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Gas tax revenue in NJ was down 23% last month

gas station bike

the staff of the Ridgewood blog

Ridgewood NJ, New Jersey’s gas tax went up yet again ,this time by 4.3 cents per gallon. Gas tax revenue in NJ was down 23% last month and in 10 of the last 11 months. Some NJ gas stations are reporting their business is down by 25% Who is winning while New Jersey is losing? According to AAA Mid-Atlantic – we should look to our neighbors in Pennsylvania & Delaware.

According to a report issued by the American Automobile Association – Mid Atlantic (AAA) we should look to our neighbors in Delaware and Pennsylvania.

According to data from the Oil Price Information Service (OPIS) and AAA, the percentage of taxable gasoline sold in New Jersey (out of all taxable gas sold in New Jersey, Pennsylvania, and Delaware) dropped from an average of 43.68% to 41.98%, about 17.7 million gallons less per month in 2017 than in 2016.

Meanwhile, the amount of taxable gas sold in Pennsylvania and Delaware both rose in 2017, an average of 7.48 million gallons a month in Pennsylvania more than the average amount of gas purchased in 2016 and more than 208,000 gallons a month in Delaware.

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Why this could be the last week for cheap gas in N.J.

gas tax nj

By Larry Higgs | NJ Advance Media for
on February 20, 2017 at 8:32 AM, updated February 20, 2017 at 11:15 AM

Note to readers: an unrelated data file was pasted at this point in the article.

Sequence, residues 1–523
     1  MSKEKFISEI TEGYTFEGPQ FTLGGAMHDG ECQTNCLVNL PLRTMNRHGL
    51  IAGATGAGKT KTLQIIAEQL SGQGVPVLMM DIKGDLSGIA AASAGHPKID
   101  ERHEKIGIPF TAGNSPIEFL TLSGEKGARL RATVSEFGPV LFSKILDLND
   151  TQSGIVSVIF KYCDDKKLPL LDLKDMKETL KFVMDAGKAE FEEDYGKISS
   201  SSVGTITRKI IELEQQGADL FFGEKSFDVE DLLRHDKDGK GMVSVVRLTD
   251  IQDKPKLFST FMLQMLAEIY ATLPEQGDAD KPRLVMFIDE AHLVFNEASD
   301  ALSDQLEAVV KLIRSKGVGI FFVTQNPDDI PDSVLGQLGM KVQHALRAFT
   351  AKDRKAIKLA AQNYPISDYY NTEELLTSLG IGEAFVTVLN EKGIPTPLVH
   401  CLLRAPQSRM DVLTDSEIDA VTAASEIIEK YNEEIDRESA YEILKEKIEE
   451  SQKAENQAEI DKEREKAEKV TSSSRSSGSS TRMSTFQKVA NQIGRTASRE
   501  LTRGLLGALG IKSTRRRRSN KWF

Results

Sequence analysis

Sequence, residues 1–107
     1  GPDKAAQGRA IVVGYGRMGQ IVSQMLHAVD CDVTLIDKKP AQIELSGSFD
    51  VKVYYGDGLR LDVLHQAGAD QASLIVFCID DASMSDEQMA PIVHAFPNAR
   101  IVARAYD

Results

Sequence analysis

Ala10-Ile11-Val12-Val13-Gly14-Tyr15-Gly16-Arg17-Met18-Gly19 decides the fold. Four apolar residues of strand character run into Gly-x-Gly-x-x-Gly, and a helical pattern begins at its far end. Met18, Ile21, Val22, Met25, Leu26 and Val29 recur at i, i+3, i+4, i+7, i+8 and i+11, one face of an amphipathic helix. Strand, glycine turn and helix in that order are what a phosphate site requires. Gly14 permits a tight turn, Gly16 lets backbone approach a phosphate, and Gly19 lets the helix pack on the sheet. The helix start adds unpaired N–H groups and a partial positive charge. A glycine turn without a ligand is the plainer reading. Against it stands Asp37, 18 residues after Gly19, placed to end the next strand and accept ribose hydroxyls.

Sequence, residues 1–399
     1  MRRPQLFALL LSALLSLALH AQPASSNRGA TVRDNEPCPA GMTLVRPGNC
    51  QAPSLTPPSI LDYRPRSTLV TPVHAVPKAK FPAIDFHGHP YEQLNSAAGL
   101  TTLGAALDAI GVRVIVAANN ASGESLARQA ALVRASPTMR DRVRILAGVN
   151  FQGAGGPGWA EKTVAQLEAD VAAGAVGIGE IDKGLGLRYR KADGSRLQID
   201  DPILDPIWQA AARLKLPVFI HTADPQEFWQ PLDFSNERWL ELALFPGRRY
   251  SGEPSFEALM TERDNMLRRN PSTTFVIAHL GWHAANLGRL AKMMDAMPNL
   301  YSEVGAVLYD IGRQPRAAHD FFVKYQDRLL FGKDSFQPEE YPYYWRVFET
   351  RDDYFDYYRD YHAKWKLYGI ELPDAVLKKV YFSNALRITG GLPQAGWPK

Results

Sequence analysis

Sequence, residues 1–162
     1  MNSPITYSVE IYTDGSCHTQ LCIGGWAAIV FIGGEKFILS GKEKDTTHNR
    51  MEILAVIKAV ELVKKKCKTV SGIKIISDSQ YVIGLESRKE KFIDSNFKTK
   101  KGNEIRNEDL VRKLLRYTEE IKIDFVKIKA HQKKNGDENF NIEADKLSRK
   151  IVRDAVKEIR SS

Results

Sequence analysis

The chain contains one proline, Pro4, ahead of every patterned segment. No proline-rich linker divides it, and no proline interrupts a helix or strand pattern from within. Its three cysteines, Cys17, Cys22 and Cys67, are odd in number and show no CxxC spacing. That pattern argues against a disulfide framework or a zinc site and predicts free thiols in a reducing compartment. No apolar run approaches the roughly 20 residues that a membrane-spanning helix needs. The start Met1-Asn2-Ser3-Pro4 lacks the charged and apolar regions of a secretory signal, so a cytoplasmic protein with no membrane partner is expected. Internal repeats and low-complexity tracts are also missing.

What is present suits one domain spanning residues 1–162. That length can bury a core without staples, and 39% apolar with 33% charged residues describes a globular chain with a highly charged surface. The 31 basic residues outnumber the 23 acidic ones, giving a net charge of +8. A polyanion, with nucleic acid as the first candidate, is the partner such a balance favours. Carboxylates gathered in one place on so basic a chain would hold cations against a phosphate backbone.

This week for gas prices might be like the last hours of a great party that you wish could last longer, but you know is starting to wind down.

On Friday, the average price for regular in the state was $2.32 a gallon, but discount stations ranged between $2.07 and $2.09, reported. An average price of $2.20 or less wasn’t hard to find.

There are two factors that drivers can thank for keeping prices low at the pump — lousy demand for gas and tremendous supplies of it. But low gas prices aren’t going to last much longer, experts said.

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Obamacare’s Economic Assumptions Collapse


By Andy Puzder
August 29, 2016

Economic reality is making it increasingly obvious that we are in the midst of Obamacare’s long anticipated death spiral. Most recently, Aetna joinedUnitedHealthcare and Humana as the third of the “big five” insurance firms to announce major cuts to its Obamacare exchange business.

For insurers, it’s simple math: Premiums collected must exceed claims paid. If too few healthy, low risk individuals enroll to offset the costs of insuring unhealthy, high risk individuals, the math doesn’t work. This imbalance forces insurers to raise premiums on the low risk individuals who do enroll to cover the costs of insuring high risk individuals. The rising premiums cause even more healthy individuals to drop coverage – resulting in what has been called a death spiral.